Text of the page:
At the city's famed La Boqueria market, most of the stalls were shut, although Susana Medialdea, 53, was selling olives and pickles entirely dressed in yellow.

"I came in voluntarily to work but only as long as I could wear yellow to express my total disagreement with the sentence," she told AFP.

But another veteran stallholder took the opposite view.

"I am a real Catalan but I don't support this independence project at all, people are letting themselves be used, above all the youth," said 75-year-old Carmen Isern.

- Spain's Clasico postponed -

With the region mired in chaos, football authorities cancelled the Barcelona and Real Madrid Clasico set for October 26 at the Camp Nou stadium. Both clubs had reportedly refused an offer to hold the match in Madrid.

And Manchester City's Catalan manager Pep Guardiola, an outspoken campaigner for the independence movement, urged European intervention to ease the crisis.

"The international community must help us to solve the conflict between Catalonia and Spain," he said. "Some mediator from outside (must) help us sit (down) and talk."

The Supreme Court's explosive decision has thrust the Catalan dispute to the heart of the political debate as Spain heads towards a fourth election in as many years, which will be held on November 10.

https://www.afp.com/en/news/3954/violen ... oc-1li9y26
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Re: More than 500,000 Catalans protest on streets of Barcelo

PostAuthor: Anthea » Sat Oct 19, 2019 3:01 pm

Catalan has
more violence


Catalonia’s president, Quim Torra, has called for talks with the Spanish government after Friday’s huge, peaceful march held in protest at the jailing of nine pro-independence Catalan leaders was followed by a fifth consecutive night of violent unrest in Barcelona and others parts of the region

Speaking on Saturday morning, Torra again condemned the violence of recent days, adding: “Violence has never been our flag.”

He urged talks with Spain’s acting government “to open a dialogue to find a democratic solution and a political and democratic” way out of the crisis over regional independence.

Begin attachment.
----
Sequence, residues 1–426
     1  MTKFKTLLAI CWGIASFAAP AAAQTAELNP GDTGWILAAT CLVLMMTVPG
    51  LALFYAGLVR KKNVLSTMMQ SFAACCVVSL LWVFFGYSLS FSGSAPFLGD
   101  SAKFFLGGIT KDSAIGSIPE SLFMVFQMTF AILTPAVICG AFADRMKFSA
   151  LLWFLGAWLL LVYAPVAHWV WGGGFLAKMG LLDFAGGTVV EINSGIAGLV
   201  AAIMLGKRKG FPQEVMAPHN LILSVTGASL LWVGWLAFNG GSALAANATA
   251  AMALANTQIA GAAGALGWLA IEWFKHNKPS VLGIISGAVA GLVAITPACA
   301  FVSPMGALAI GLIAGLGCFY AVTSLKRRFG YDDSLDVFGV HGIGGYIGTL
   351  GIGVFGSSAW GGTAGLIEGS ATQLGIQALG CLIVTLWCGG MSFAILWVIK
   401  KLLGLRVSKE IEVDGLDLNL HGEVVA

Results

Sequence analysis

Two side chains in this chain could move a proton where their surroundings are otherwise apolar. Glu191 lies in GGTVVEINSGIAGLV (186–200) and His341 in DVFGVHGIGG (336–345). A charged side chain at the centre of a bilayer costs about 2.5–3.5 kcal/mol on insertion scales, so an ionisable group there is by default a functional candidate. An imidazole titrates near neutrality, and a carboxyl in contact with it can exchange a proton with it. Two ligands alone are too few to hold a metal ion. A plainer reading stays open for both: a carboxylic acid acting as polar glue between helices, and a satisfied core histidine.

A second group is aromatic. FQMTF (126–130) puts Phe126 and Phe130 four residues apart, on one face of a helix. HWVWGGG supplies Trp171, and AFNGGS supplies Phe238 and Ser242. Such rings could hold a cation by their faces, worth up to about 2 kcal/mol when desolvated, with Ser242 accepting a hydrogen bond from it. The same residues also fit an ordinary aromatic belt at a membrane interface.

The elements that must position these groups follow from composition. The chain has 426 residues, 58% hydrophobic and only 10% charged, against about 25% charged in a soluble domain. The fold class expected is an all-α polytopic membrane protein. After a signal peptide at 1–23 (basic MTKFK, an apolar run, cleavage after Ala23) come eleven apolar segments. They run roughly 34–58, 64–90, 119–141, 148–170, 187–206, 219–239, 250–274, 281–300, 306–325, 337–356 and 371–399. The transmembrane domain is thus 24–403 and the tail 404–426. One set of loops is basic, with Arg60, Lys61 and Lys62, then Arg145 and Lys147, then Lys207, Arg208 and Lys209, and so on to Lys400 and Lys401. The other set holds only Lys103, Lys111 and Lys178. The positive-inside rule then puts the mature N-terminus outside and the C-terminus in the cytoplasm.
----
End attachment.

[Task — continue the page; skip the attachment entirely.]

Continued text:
The pro-independence regional president has been criticised for his delay in condemning the violence – and for calling for civil disobedience before sending police forces in to quell it.

His call for talks came two days after he suggested another unilateral independence referendum should be held in response to the imprisonment of nine leaders over their roles in the failed push for secession two years ago.

Friday’s violence in Barcelona was centred on the headquarters of the national police force on Via Laietana.

Black smoke rose above the city as protesters set fire to rubbish bins and a newspaper kiosk. Thousands gathered in the surrounding streets chanting: “The streets will always be ours!”

Police struggled to control the situation, firing rubber bullets, teargas and, later in the night, a water cannon was deployed against demonstrators for the first time since it was bought from Israel in 1994.

Officers from both national and regional forces have been criticised for their heavy-handed actions and a journalist from El País was arrested while covering Friday’s skirmishes. Other members of the Spanish media have been intimidated and targeted by some independence supporters.

Fifty-four people were arrested and 182 received medical treatment on Friday night.

Ada Colau, the mayor of Barcelona, said the violence could not continue. She criticised both the throwing of objects by protesters and the police’s use of rubber bullets as well as “the attacks on media professionals”.

She added: “Unfortunately, we endured some very serious moments of violence last night in a peaceful city that believes in dialogue.”

The city council says the violence this week has cost the city more than €2m (£1.7m) – much of it lost by the burning of more than 1,000 rubbish bins. Many Barcelona residents woke up on Saturday to find there was no where to put their garbage.

Hundreds of council workers were on the streets on Saturday trying to clean up from the previous night.

Spain’s interior minister, Fernando Grande-Marlaska, travelled to Barcelona on Saturday to meet his Catalan counterpart and to visit national police officers injured in Friday’s violence.

The march that had preceded the unrest had been overwhelmingly peaceful. According to Barcelona police, about 525,000 people congregated in the city, many of them having marched there from around Catalonia.

A radical movement of young Catalan separatists, Arran, has called for a new demonstration “against repression” in central Barcelona on Saturday afternoon.

Spain’s government has promised a firm, united and proportionate response to the violence but has said it will not fall into the trap of further inflaming tensions.

“The only hope of those violent groups is that we’ll make mistakes and become overexcited and divided,” the acting prime minister, Pedro Sánchez, said on Wednesday.

Sánchez’s caretaker government has already said it could activate article 155 of the constitution, which would allow it to suspend the regional government and assume direct rule of the region.

The socialist prime minister’s rightwing opponents are calling for the government to take a hard line on the latest eruption of the regional independence crisis. Spain is due to hold its fourth general election in as many years on 10 November.

Although Sánchez has taken a more conciliatory approach to the Catalan question than his predecessor, he has ruled out any referendum on Catalan independence and insisted any negotiations will have to respect the Spanish constitution, which stresses the “indissoluble unity” of the country.